White House Has Had Nothing to Say About Potential Drone Strikes Against Americans in U.S.

The White House in Washington is seen on Wednesday, March 6, 2013. Area schools and many government offices in the Washington area are closed for the in anticipation of the snow that could blanket the region. Credit: AP

Sen. Rand Paul (R-Ky.) entered the twelfth hour of his filibuster of President Barack Obama’s CIA nominee John Brennan on Wednesday, still begging the White House to assure Congress and the American people that the Obama administration wouldn’t use drone strikes to kill Americans on U.S. soil.

Since the beginning, Paul has assured the White House that the vote on Brennan’s confirmation could proceed if the administration would simply admit that drone strikes on U.S. soil against American citizens are “unconstitutional.”

“I have a message here from, not from the White House, a message saying the White House hasn’t returned our phone calls,” Paul said on the Senate floor at around 8 p.m. ET. “If anybody knows anybody at the White House and wants to call them, we are looking for an answer from the White House.”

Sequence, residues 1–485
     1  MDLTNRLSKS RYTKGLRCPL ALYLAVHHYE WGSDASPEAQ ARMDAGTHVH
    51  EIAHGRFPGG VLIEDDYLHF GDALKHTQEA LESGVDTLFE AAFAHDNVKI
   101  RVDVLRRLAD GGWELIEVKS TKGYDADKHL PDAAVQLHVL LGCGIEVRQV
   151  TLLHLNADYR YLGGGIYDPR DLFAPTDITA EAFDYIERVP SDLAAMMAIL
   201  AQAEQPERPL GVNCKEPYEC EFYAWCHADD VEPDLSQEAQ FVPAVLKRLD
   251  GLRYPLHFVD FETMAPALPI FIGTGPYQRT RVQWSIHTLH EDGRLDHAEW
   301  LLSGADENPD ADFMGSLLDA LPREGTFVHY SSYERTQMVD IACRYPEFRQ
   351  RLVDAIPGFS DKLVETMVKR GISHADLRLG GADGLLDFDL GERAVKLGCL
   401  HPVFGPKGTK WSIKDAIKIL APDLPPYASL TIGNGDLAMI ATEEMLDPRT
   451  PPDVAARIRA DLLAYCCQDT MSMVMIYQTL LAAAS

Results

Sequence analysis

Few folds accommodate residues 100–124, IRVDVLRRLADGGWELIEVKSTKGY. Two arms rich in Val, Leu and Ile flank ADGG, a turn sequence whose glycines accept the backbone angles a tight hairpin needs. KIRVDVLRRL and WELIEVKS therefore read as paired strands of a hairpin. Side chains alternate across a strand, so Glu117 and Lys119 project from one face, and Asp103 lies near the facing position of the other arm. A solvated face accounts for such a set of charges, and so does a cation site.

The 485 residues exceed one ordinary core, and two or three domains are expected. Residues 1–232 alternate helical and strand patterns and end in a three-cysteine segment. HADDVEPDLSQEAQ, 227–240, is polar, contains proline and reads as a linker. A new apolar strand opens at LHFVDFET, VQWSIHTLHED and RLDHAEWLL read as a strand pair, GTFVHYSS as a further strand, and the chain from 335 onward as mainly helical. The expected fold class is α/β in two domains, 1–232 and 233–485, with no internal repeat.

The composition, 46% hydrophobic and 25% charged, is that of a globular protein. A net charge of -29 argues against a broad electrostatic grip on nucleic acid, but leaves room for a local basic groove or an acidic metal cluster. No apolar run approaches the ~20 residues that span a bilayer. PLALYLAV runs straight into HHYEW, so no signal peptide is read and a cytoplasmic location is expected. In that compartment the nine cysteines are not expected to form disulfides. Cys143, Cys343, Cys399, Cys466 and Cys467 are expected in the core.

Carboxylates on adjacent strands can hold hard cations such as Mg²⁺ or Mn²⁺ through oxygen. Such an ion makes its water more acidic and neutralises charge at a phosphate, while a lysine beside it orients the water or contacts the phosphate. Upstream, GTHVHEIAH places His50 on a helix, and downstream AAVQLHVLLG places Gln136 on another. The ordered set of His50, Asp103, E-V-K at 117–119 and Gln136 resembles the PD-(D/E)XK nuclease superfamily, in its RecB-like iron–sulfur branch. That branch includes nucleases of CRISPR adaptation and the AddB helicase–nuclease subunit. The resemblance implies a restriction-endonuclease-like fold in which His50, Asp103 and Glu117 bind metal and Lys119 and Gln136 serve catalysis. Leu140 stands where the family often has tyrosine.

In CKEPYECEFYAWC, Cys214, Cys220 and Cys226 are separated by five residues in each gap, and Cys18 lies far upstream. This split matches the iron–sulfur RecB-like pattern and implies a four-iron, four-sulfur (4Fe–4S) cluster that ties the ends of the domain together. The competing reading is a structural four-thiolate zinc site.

Further, White House officials have responded to messages from Politico seeking comment on the issue and “they have nothing to say,” Politico reports.

“Maybe they’re going to call me when the sequester’s over,” Paul joked. “I really think that one of the courtesies that they ought to think about is, particularly if what they’re hearing is something that they don’t object to, why not end the debate by going ahead and letting us know?”

The senator from Kentucky then added, “You’d think that would be a pretty easy answer for them.”